Plea bargain in June Collard case

Thomas Collard has pleaded guilty to first-degree manslaughter in the death of his wife, June Collard, who was profiled on the Charley Project and is now in the resolved section. She was missing for thirty years until her body was found last summer. He faces 8 to 25 years in prison — less than the time June lay buried underneath his house. Several plea deals were in fact offered, but Thomas rejected all the previous ones. He is 62 years old. He may very well die in custody. I hope he does. He is a despicable and cowardly person.

Now, what I want to know is where is that woman that kept posting nasty comments on my blog posts about this case, accusing me of making all kinds of factual errors and “bungling” my reporting of the case and “fabricating” details when I wasn’t doing any of those things? One of the things she yelled at me about was my saying I figured a plea bargain would probably occur in this case. She said a plea bargain would definitely NOT happen and I should have known that, and I was irresponsible or something if I didn’t know that.

Where are you now and what do you have to say for yourself? *offers crow drumstick*

Okay, so it’s a little immature of me. Must be the 30 mg of morphine I consumed a few hours ago.

11 thoughts on “Plea bargain in June Collard case

  1. Tracey Reitterer February 8, 2011 / 7:00 pm

    I know you’ve stated you don’t believe in the death penalty, Meaghan, but how can you not agree someone like this guy being the poster child for execution?? You said yourself, “he faces 8 to 25 years in prison – less than the time June lay buried underneath his house.”
    He ended her life. He had no reason to do that. He kept silent, forcing her loved ones to endure a waking nightmare for 30 years. Why should they work & pay taxes to keep someone as dispicable as him alive, fed, clothed & entertained for the rest of his life in prison?
    He lied to everyone for 30 years about having anything to do with her death. Just cuz he gives up her body location means what – he should get rewarded by a lesser sentence than death for taking her life for no good reason?? He killed her, plain & simple. I could care less why; he ended her life & had no right too. For that, he should pay with his own life.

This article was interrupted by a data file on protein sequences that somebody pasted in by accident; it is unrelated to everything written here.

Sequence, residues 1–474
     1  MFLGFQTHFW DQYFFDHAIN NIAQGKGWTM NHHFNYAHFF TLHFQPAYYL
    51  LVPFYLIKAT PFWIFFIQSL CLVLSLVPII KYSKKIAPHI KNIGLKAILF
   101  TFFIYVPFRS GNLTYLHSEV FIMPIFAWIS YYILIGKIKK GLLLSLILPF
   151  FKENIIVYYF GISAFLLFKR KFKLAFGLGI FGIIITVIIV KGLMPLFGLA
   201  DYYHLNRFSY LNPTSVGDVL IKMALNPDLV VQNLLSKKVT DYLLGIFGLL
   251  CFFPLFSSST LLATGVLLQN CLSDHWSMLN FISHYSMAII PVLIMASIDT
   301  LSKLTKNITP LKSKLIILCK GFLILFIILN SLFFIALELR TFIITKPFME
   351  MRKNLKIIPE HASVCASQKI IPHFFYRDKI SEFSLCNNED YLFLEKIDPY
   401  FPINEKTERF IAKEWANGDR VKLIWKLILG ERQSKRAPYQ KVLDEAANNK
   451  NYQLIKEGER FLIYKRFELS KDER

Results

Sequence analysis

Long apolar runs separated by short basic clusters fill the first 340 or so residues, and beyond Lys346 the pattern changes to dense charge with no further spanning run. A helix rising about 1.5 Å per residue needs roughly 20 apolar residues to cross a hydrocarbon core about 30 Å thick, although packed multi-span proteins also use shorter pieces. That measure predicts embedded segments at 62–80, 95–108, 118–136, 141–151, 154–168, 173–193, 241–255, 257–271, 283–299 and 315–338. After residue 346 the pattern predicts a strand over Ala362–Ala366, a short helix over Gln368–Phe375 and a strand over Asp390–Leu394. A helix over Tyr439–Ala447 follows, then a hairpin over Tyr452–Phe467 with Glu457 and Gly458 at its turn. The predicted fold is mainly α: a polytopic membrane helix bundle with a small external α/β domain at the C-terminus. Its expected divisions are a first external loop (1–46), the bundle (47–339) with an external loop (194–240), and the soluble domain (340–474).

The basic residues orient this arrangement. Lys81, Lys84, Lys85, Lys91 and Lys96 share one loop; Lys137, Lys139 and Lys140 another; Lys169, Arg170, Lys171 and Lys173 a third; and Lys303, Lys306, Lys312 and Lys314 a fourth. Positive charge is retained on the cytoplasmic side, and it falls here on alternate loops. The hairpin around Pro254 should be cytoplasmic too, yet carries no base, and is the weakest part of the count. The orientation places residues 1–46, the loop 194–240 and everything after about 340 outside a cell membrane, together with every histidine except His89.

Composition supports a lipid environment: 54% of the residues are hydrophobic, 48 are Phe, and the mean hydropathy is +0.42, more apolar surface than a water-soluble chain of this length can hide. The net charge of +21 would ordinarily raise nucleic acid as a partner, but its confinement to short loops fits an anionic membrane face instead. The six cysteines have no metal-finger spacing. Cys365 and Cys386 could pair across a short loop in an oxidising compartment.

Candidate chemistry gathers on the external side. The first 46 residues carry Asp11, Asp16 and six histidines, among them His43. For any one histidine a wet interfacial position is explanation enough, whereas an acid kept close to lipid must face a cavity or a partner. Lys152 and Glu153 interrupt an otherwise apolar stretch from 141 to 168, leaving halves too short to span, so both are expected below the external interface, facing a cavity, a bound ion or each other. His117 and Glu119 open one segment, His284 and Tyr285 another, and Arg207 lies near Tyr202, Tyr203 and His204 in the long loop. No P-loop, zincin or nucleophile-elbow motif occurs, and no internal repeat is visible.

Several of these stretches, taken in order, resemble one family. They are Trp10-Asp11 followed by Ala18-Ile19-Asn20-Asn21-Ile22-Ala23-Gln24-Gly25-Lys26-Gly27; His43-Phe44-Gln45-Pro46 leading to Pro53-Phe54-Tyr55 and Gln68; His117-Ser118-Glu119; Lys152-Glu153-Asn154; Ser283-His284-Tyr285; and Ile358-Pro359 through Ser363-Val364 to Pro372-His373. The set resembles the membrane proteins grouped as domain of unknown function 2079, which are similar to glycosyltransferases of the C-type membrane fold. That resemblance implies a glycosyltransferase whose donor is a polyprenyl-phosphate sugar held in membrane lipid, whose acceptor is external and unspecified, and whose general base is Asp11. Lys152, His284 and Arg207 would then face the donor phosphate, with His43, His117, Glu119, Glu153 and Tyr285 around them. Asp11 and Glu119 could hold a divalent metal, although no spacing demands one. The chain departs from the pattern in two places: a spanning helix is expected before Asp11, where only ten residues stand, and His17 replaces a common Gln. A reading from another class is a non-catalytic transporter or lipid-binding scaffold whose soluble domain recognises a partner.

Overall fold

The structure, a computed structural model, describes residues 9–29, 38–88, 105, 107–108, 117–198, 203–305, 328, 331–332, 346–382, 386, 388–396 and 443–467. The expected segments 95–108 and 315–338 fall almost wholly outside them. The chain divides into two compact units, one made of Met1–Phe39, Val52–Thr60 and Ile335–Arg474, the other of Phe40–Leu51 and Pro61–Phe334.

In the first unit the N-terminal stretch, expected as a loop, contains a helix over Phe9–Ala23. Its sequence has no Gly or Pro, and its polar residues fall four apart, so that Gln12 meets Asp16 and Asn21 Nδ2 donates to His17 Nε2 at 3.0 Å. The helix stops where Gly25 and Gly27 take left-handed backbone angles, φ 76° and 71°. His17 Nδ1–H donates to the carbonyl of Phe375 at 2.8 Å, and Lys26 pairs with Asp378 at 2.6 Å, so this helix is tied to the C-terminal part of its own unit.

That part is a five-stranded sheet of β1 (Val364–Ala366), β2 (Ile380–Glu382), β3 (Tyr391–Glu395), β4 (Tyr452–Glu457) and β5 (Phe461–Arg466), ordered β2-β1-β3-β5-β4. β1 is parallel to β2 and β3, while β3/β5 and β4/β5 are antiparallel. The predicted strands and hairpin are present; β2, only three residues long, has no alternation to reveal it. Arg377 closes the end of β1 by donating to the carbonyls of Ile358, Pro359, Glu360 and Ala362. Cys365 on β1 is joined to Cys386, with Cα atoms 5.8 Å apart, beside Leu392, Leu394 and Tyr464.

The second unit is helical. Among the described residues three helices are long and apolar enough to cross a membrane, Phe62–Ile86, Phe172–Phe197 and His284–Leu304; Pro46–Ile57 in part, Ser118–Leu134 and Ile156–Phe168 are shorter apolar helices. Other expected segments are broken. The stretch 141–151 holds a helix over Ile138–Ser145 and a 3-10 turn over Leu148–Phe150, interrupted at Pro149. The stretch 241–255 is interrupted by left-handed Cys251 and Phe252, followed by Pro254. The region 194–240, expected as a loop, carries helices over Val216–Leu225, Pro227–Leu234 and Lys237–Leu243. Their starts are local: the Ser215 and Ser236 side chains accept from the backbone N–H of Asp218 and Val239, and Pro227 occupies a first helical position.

For those who oppose the death penalty, saying it’s the same thing when the states execute is wrong. State imposed execution is not the same as criminals committing murder. The death penalty is suppose to make people accountable for their actions, as a deterrent to crime, to protect the innocent. Prisoners, escape, cause uprisings, commit extreame violence & murder from within prisons. Why take that chance when we have the ability to eliminate despicable people from society?! They are in there cuz they have proven they cannot live by society’s rules.
    I’m sick to death of hearing about people taking others out of this world due to their petty ass reasons. It’s even more disgusting to hear others justify why caring about the rights of violent offenders is so important.
    All I can say is, you are a more forgiving person than me.

    NO 2ND CHANCES FOR SEX OFFENDERS, RAPISTS, MURDERERS OR ANY OTHER VIOLENT OFFENDERS! The 2nd time around may be your child or loved one. ENFORCE THE DEATH PENALTY! If the thought of losing your freedom or life isn’t enough to deter criminals, let them die for their heinous crimes against the innocent.

    “Victims have a dignitary interest in justice & vindication without interminable delay caused by guilty prisoners attempts to stave off punishment.”

    “Too much mercy, often resulted in further crimes which were fatal to innocent victims who need not have been victims if justice had been put first and mercy second.” – Agatha Christie

    Tracey in MD

    • Meaghan February 9, 2011 / 12:59 am

      I don’t believe in the death penalty, though that doesn’t mean I wouldn’t mind if certain people didn’t get run over by a bus on their way to prison. (Notice I didn’t say “get shanked in prison” or “accidentally fall from a fifth-tier cell.” I think the violence, particularly rape, that goes on in our prisons is disgraceful and a blot on our nation as a whole, and should not be allowed to continue. Prisons are an American institution just as surely as tax offices, the DMV, schools, etc., and should be orderly places where rules are kept, people are treated humanely, and violence isn’t allowed to happen. Even the thought of Rollo becoming someone’s bitch wouldn’t bring me any pleasure. Okay, not MUCH pleasure.)

      Don’t know enough about the Collard case to form an opinion on whether Thomas is one of them.